Personal Development University Housing

You Want These 3 Things During An Emergency!

“Caroline, I think I’m having a heart attack” 

STOP EVERYTHING YOU ARE DOING.

At that moment responding to an emergency seems like the scariest thing in the world. Your adrenaline is pumping. Your brain is focused. Your nervous system is now communicating with you. What do you choose? 

Fight or Flight

During my time as a housefellow, I’ve had many emotional conversations with residents: family members dying, rape, abuse, stalking, suicide ideation, and medical issues. At the beginning of summer training, we used to dread training for these situations. It was called Behind Closed Doors (BCD). The training focused on teaching new Housefellows how to react to a particular situation — loud residents, disrespectful graffiti, medical situation, and a stalk/rape/suicide case. The situations went from not so hard, to really hard, really fast. It’s stressful to have your peers watching you, and judging you in real-time. But trust me IT’S SO WORTH IT. Working out the kinks of how you approach a situation in a low-stakes environment will give you the confidence and key skills for the real thing. 

In the moment of a crisis, there are a couple of things that run through your (my) mind…

  • I want to run away
  • I can’t run away
  • It’s my duty (job/morally)
  • I don’t want to get involved
  • I need to get involved
  • Okay — I’m present and involved. 

You are not a terrible person if you aren’t jumping in the second something happens. The human species couldn’t have gotten this far if we jumped into dangerous situations willingly. Our hesitation not to get involved is NATURAL. But if you have the proper training and the skills to help, you SHOULD HELP. You could be saving a life in the process. 

So here are a couple of must-haves to have when you come face to face with a scary situation.

  1. Stay calm and be confident

It’s cliche but essential. You might be freaking out inside and a million different scenarios are running through your head. It’s important to remember that you are now the person dealing with this. So be the leader — and deal with it. 

If I were the one having the emergency, I’d want someone who oozes confidence in a calm fashion — taking charge and bringing me to where I need to be — safely. When you are not calm you could make everything worse. Be it just a heart attack, panic attack, a fall from the top off the top of the bunk bed, or a fire. Whatever it is. We need to remember to show people you can and will handle it with little drama.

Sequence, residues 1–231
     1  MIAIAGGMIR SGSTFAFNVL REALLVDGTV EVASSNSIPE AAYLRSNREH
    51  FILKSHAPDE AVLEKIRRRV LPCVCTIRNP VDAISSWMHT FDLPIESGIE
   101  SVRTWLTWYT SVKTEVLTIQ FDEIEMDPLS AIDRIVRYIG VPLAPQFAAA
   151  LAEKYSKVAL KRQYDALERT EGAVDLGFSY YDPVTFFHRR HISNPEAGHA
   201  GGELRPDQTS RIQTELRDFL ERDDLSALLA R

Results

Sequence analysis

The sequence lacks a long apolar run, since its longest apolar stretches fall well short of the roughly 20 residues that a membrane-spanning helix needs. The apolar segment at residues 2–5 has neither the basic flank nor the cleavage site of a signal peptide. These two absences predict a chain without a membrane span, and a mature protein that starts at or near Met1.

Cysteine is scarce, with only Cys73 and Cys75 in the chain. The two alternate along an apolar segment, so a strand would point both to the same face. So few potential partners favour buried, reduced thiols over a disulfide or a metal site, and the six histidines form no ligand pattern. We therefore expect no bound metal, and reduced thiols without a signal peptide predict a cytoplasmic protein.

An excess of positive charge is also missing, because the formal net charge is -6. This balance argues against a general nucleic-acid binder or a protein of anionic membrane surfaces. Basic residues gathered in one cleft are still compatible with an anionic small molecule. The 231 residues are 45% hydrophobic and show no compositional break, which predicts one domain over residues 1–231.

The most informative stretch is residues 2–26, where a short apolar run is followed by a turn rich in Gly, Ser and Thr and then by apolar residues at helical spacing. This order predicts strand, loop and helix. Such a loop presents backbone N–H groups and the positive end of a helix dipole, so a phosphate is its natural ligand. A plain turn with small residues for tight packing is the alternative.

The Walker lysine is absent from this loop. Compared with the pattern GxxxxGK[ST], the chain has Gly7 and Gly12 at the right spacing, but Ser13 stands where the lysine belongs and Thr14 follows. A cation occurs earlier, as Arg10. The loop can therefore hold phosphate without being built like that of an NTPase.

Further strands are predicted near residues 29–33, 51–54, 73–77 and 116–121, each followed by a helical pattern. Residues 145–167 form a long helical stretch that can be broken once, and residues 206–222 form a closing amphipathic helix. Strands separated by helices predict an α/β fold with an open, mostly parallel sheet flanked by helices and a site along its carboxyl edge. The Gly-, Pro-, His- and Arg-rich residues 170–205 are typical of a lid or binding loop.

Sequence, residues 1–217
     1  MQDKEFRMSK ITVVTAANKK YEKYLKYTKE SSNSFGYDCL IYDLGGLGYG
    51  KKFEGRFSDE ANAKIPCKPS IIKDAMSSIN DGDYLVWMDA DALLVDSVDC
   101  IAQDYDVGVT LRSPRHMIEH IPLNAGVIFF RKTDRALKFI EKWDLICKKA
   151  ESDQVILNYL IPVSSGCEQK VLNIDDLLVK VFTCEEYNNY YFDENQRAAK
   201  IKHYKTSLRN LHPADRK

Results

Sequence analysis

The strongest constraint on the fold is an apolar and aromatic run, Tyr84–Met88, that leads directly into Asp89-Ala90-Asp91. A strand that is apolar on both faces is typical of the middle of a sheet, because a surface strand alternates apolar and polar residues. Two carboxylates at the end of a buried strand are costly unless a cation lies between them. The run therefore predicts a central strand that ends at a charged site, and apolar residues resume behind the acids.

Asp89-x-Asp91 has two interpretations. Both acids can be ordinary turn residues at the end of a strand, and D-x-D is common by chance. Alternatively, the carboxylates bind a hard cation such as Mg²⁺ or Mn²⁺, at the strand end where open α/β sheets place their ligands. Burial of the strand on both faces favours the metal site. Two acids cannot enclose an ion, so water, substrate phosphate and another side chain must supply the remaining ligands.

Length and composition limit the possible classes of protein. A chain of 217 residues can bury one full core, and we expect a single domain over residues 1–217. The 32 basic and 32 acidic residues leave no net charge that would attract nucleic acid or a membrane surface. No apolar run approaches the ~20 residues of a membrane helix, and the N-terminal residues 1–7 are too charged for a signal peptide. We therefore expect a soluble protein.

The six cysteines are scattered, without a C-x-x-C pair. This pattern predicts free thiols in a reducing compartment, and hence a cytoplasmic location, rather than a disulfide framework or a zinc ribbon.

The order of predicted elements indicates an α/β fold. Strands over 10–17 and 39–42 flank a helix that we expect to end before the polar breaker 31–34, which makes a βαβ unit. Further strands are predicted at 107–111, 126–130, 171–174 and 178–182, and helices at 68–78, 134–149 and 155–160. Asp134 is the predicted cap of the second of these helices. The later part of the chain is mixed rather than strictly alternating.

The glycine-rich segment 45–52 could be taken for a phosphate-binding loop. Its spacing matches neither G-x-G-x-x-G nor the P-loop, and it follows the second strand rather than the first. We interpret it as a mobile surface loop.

1. Don’t forget your training

We don’t come out of training and hope that someone knocks on our door with a case. It isn’t like that. Handling a situation is a lot of paperwork, as well as emotional and sometimes physical work. We hope it doesn’t happen, and we train as if it were to happen every day. Some house fellows get lucky, and never deal with any type of situation…. At all. Some house fellows have streaks where they are submitting reports left and right (me). 

We are trained for a reason — but we aren’t perfect. As time goes on, and we don’t face any events, our skills can get rusty — and our memory… a tad foggy. I don’t remember all the steps of what I need to do when we report someone for alcohol or drugs — but I do know that if I am ever in need, I can call my manager. Day or night. I will call my manager, tell them what is happening, how I plan on dealing with it and ask them to confirm for me if they agree with my plan. If not — we make edits as we go and make sure we both agree on this game plan. Then we execute. 

  1. If you can get help GET HELP

It’s overwhelming to handle things on your own — so don’t! Find someone you trust and know that can help you. There is a reason first responders travel in pairs/groups. You aren’t meant to take that emotional and physical burden alone! Call your people — they will come running to help you — I promise.

If I ever felt like this is too much for me to handle, if someone could get hurt, if I could get hurt — I always called university police. ALWAYS. It didn’t matter if it was the right thing or not to do at the time — what mattered was I needed back up and I could trust that they would help me in this situation that felt too big for me. 

There isn’t anything scarier than to have to wait for someone — but it’s better when you don’t have to do it alone. Emergency situations can pop up at any time — and with that, you want to make sure you are confident, trained, and never (NEVER) be too shy to call for help. You probably won’t get it 100% by yourself the first time, or even the fifth time — but over time you will get better, more confident, and find yourself in a more secure place to help people.

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